Neurophysiological recordings were performed with an array of seven quartz-coated platinum–iridium microelectrodes that could be advanced independently by a microdrive. Action potentials from individual neurons could be isolated by a differential-amplitude window discriminator. Action potential time stamps were digitized and stored with 0.1-ms resolution. The waveforms of individual neurons were not stored and further classification of neuron types based on waveform was not possible for this study.

Data analysis


Only neurons that exhibited selectivity for our visual stimuli were included in the analysis. We defined selectivity as significant modulation of firing rate during the cue-presentation period for stimuli appearing at the nine possible locations (one-way ANOVA, P < 0.05). We analyze neurons both with and without significantly enhanced activity during the delay period of our tasks. We refer to the former as neurons exhibiting delay tuning or delay-tuned neurons. To examine which neurons displayed delay tuning, we used a paired t-test (P < 0.05) to compare the firing rates during fixation and during the delay period after the appearance of a stimulus at the neuron's preferred location (see following text). For this comparison, we used only the last 300 ms of the delay period, to eliminate any long-latency stimulus responses or stimulus-off responses. Neurons whose average delay period firing rate was <4 Hz were excluded from analysis because these provided too few spikes to be analyzed (Compte et al. 2003). We established the directional preferences for each neuron independently for cue and delay periods based on the following measure: (rmax + rmin)/2, where rmax is the highest firing rate observed among all nine stimulus locations and rmin is the lowest. Stimuli that elicited activity above or below this value were defined as preferred and nonpreferred, respectively.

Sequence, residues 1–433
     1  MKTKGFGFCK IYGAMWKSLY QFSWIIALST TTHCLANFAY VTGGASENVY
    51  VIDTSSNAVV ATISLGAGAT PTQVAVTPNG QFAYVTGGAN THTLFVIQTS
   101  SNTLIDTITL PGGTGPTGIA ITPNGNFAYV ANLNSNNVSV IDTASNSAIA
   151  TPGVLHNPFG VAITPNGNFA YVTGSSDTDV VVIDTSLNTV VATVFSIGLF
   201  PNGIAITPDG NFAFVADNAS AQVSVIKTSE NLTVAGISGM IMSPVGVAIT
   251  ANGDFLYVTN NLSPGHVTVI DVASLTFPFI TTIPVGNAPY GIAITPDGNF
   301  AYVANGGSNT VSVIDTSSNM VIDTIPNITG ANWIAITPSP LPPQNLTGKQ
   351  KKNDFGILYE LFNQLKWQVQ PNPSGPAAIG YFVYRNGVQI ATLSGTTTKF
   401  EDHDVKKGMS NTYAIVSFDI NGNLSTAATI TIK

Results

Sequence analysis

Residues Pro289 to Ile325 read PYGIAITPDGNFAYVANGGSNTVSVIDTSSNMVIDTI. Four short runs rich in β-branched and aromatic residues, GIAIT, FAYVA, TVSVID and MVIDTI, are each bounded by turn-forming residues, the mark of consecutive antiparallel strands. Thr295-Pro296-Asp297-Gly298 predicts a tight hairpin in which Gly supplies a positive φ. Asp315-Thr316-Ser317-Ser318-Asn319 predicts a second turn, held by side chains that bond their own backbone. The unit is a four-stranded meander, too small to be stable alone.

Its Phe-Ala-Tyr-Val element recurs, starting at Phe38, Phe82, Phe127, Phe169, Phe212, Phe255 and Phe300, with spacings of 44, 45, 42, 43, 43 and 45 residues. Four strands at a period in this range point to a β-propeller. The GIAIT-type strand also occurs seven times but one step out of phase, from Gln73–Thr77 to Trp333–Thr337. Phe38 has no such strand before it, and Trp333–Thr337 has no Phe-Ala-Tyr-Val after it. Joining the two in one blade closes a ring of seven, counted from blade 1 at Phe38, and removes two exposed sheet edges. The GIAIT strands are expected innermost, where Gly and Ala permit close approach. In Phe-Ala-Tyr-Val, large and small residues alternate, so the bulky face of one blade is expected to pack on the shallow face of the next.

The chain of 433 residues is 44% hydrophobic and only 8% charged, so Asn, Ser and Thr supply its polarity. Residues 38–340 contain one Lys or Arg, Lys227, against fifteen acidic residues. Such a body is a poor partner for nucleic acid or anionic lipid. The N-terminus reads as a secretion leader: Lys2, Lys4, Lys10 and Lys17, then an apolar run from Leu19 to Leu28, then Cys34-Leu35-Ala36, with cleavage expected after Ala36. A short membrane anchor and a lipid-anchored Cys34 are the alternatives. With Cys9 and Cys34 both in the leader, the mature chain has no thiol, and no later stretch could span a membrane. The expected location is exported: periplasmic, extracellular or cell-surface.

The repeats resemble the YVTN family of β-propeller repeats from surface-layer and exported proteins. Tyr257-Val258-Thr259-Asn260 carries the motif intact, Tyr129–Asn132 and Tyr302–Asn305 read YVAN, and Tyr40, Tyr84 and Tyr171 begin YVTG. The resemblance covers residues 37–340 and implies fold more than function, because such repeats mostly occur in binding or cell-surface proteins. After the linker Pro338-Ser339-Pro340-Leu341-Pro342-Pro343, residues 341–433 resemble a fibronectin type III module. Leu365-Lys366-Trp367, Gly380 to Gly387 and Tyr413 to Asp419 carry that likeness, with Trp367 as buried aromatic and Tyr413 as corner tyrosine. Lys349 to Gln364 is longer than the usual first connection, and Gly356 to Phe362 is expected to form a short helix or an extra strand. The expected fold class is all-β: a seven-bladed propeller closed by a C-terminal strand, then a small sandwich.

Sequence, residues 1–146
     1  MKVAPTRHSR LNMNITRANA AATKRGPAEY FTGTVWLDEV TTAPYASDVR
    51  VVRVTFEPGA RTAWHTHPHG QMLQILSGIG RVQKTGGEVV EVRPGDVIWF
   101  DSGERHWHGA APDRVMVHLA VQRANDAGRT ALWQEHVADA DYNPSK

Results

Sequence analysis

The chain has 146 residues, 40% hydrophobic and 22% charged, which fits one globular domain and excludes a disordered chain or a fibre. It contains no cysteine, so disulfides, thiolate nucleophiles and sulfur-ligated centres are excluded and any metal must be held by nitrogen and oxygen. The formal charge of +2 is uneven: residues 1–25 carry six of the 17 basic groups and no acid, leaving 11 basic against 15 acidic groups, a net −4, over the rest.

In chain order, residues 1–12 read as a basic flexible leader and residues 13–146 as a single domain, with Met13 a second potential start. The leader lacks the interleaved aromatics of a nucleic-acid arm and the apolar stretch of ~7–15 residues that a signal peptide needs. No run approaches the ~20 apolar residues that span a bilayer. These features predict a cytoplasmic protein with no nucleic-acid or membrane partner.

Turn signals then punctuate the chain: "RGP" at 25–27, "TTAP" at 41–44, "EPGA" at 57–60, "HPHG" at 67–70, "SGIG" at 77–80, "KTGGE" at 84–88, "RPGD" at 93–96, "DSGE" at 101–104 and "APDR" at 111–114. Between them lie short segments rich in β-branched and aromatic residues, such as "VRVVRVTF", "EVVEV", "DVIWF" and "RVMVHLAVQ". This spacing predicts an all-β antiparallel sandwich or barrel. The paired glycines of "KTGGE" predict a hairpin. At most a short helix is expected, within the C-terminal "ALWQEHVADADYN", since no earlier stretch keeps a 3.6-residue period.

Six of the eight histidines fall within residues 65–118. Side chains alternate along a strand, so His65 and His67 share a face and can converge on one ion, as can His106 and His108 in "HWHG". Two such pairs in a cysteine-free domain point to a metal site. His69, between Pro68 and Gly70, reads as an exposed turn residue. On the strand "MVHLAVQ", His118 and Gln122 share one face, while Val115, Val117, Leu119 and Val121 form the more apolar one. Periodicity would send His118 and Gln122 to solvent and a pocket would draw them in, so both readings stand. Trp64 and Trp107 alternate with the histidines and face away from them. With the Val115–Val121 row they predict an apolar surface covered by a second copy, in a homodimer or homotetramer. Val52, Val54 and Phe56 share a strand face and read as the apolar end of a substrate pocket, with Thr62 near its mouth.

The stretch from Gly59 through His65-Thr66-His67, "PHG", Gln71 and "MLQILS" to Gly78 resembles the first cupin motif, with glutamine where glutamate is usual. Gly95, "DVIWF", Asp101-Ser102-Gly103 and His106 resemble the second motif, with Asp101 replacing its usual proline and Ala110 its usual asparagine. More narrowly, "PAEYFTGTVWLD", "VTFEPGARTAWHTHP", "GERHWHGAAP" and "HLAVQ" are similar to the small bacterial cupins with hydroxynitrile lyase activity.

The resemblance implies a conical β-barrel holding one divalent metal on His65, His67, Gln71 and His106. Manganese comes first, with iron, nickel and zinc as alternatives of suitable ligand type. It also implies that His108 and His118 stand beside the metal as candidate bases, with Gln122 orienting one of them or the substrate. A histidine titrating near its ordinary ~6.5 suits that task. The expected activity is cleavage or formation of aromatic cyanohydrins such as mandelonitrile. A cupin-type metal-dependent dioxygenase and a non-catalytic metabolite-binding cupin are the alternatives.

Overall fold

We subjected the spike trains of each neuron to power spectrum analysis using the methods described in detail elsewhere (Compte et al. 2003). Briefly, spike data were first segmented in windows of duration T = 500 ms corresponding to each task epoch. The short duration of the data segments facilitated a stationarity assumption. Our methods can also be applied to nonstationary signals, but interpretation of the results is more difficult, especially at low frequencies. These spike trains {tj, j = 1, …, N} were then conditioned using the first four orthogonal Slepian-taper functions hk(t) (k = 1, 2, 3, 4), the Fourier transforms Hk(f) of which had a half bandwidth of 4 Hz. Slepian tapers are functions that maximize the energy in a given time–frequency interval, so they reduce the bias of the direct spectral estimator (Percival and Walden 1993). By averaging together spectra from data conditioned with orthogonal tapers, we obtain a well-controlled spectral estimate Math(1) with reduced variance (Jarvis and Mitra 2001). A power spectrum I(f) was calculated separately for each trial, then normalized by the expected power of a Poisson spike train of equal firing rate, and ultimately all spectra representing the same task period were averaged together (Jarvis and Mitra 2001). The variance of the normalized spectra was calculated using a jackknife method over trials (Thomson and Chave 1991). This method provides a robust estimator of the variance of the spectrum, even in the presence of nonstationarities. Our analysis did not address frequencies <5 Hz given the length of the time window, which was dictated in part by the duration of the stimulus presentation and delay intervals in the experiment.


We calculated the autocorrelogram of a spike train as the histogram of the time intervals between any two spikes, from which the shuffle predictor was subtracted (the shuffle predictor was obtained as the average cross-correlogram of spike trains corresponding to different trials) and the result was normalized to the SD of the shuffle predictor at each time lag (Aertsen et al. 1989). Thus the autocorrelogram is expressed in units of the shuffle predictor SDs.

Individual poststimulus time histograms (PSTHs) were computed for the neuron's preferred stimulus in 10-ms bins. The population PSTH was smoothed by averaging over three adjacent bins.